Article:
• Fri. Sep 29th, 2023

AITEO tackles Shell, 7 Nigerian banks over unpaid royalty, disputed debt

One of Nigeria’s indigenous operators in the country’s oil and gas industry, AITEO E&P, has disputed claims that it was owing Shell Nigeria and seven Nigerian banks over $900million in missing loan repayments over the development of oil mining lease (OPL) 29.
Rather AITEO accused Shell and the banks of refusing to pay royalties due to the Federal Government between 2015 and 2016 while appropriating for debt service all revenues from sales of its crude oil production.
Court documents seen by this newspaper revealed that the alleged misconduct by Shell and the banks contravened the conditions in the account structure set up to finance the development of the OPL 29 asset.
On Sunday, Bloomberg reported that the oil giant and the consortium of seven banks are locked in a legal battle against AITEO to recover the alleged debt.
Root of the dispute
In 2015, AITEO acquired OML 29, including the Nembe Creek Trunk Line (NCTL), for $2.4 billion following the Shell Petroleum Development Company (SPDC)’s decision to divest 45 percent of its interest from the asset.
The asset was operated by Shell and its partners, Total and Eni, as a joint venture with the Nigerian National Petroleum Corporation (NNPC).
To facilitate the acquisition of the asset, AITEO took a loan of about $1.49 billion from a consortium of seven Nigerian banks, including Zenith, Fidelity, Union, GTB, Ecobank, FBN, Sterling, in addition to about $512 million provided by Shell, totaling about $2 billion.
AITEO said although it continued to diligently discharge its commitments on the loan, its debt service obligations were dictated by Shell and the banks, which controlled exclusively all the accounts and their administration.
In 2019, following the demand by the Federal Government for all unpaid royalties due to it from the asset to be settled in full, AITEO said it requested the banks to prioritize the payment of the royalties from the proceeds of its crude oil sales.
On the alternative, the company said it suggested the banks meet the obligation with a grant of short-term royalty payment facility that would be defrayed as a priority from the lifting of its crude oil.
The indigenous oil firm said following the failure by Shell and the banks to grant its request for a short-term facility, its management decided to single-handedly fund the royalty payment from its crude oil production, in view of the fact that all due royalties for more than two years were previously appropriated by Shell and the banks for debt service.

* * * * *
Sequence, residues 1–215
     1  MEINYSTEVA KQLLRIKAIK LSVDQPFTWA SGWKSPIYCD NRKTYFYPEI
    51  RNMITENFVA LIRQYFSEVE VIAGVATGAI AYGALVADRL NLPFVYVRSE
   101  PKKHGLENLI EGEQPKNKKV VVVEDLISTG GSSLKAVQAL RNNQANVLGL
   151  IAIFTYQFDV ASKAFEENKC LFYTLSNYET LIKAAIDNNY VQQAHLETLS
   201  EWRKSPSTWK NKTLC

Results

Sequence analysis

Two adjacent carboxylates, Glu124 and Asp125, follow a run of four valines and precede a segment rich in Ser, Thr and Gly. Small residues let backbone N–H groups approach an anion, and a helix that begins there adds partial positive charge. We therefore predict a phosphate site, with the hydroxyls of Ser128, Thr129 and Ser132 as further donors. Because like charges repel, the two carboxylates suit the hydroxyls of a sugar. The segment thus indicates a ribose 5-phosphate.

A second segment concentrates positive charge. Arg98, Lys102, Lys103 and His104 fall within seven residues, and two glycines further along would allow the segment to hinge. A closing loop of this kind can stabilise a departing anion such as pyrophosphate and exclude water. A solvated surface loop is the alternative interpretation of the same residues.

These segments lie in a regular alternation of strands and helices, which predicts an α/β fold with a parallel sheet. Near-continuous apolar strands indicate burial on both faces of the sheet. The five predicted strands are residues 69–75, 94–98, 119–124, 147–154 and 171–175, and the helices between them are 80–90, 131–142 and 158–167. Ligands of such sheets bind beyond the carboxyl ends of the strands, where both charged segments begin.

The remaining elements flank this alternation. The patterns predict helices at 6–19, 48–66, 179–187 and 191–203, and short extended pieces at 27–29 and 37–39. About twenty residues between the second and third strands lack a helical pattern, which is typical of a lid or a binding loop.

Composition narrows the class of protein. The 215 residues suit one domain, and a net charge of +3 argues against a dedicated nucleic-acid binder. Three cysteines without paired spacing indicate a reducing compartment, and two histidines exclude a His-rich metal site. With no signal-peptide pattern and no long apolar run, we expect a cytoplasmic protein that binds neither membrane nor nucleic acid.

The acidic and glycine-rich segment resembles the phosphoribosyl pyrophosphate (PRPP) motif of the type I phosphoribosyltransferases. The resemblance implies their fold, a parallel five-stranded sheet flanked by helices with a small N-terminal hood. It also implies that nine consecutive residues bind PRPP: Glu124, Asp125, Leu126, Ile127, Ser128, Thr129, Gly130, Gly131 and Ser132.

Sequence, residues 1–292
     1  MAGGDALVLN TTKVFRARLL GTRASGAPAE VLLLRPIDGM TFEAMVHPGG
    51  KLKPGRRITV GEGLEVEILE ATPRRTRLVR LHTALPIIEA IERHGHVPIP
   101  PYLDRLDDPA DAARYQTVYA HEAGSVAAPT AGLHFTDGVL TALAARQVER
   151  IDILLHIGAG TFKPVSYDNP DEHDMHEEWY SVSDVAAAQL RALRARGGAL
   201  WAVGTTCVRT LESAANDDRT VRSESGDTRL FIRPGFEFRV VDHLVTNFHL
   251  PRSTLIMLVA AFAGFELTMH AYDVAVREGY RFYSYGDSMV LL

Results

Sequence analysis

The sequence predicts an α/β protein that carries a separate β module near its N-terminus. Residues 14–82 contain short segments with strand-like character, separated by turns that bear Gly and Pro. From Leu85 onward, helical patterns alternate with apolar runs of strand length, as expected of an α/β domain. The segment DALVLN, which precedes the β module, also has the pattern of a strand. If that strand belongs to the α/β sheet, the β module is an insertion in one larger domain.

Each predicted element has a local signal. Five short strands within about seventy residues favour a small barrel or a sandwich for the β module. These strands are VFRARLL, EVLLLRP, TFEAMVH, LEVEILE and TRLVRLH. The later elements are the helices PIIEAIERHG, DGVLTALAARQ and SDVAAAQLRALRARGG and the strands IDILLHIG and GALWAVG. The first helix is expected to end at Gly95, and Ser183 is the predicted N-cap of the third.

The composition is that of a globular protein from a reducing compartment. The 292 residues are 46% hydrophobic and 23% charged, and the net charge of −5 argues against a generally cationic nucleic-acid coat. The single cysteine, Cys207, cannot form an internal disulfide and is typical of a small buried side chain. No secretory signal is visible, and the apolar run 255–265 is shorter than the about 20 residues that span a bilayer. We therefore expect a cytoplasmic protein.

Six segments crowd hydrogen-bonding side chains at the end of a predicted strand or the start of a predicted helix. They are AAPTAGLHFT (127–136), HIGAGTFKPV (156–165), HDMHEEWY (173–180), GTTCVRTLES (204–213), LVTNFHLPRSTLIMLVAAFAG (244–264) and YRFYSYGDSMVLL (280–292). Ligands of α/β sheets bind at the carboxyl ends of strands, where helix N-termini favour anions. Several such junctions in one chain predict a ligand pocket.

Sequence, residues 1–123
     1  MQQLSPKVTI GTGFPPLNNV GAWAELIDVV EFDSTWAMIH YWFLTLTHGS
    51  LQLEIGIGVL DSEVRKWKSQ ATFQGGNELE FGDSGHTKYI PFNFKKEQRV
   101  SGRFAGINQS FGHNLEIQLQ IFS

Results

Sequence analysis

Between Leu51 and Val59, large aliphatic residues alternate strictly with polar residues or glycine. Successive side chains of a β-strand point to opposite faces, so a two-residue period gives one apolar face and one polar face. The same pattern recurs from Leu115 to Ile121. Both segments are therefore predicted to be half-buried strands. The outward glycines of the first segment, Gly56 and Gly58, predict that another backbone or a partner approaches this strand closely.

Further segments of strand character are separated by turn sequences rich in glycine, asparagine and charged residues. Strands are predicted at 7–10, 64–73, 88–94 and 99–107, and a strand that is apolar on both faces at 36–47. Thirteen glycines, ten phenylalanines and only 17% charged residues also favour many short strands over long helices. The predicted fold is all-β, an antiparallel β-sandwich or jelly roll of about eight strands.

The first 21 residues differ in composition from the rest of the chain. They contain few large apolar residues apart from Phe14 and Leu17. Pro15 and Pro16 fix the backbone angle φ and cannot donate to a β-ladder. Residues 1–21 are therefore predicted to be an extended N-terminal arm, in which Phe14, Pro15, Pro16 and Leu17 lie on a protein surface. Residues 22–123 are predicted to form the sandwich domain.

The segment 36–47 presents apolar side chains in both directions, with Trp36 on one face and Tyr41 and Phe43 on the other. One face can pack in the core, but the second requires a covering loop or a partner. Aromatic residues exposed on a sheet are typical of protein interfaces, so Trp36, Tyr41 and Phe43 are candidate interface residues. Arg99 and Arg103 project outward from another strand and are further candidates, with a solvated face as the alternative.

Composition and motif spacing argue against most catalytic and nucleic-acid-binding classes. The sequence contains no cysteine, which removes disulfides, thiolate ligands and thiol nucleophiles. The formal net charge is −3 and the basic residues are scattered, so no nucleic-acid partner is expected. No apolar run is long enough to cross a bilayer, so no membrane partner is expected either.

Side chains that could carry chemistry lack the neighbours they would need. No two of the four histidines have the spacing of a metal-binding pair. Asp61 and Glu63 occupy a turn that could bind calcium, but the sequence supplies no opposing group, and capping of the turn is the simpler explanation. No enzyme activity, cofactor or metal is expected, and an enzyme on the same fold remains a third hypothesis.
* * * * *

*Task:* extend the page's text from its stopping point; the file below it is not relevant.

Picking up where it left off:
From about $2.142 billion contributed by shareholders as equity in August 2019, AITEO said apart from paying more than $287 million to the government in royalties, it continued to service its debt obligations to Shell and the banks.
The company accused Shell of exploiting its decision to deploy its private resources to prioritize royalty payment in place of previous appropriation by the banks to distort facts and fueling the current debt dispute.
Despite paying back about $1.241 billion to Shell and the banks as debt service on a loan of $1.97 billion as at July 2019, AITEO said the principal amount of the loan has remained largely the same due to “substantial distortion of its repayment obligations as a result of unauthorized debits and charges posted to its accounts by the lenders.”
Following the observations, AITEO said it requested a routine reconciliation of the accounts to resolve the discrepancies.
When Shell and the banks refused to respond to its request, AITEO said in a letter dated September 10, 2019, that it renewed its request for the restructuring of the finding facility based on the terms of the Finance Agreement.
On October 23, 2019, counsel to the banks in a letter to AITEO accused the company of being in default to a debt of about $288million and demanded immediate payment.
However, AITEO saw the bankers’ letter, which failed to respond to its request for restructuring of the loan repayment in line with the outline in the Finance documents, as a direct breach of the inter-creditor agreement.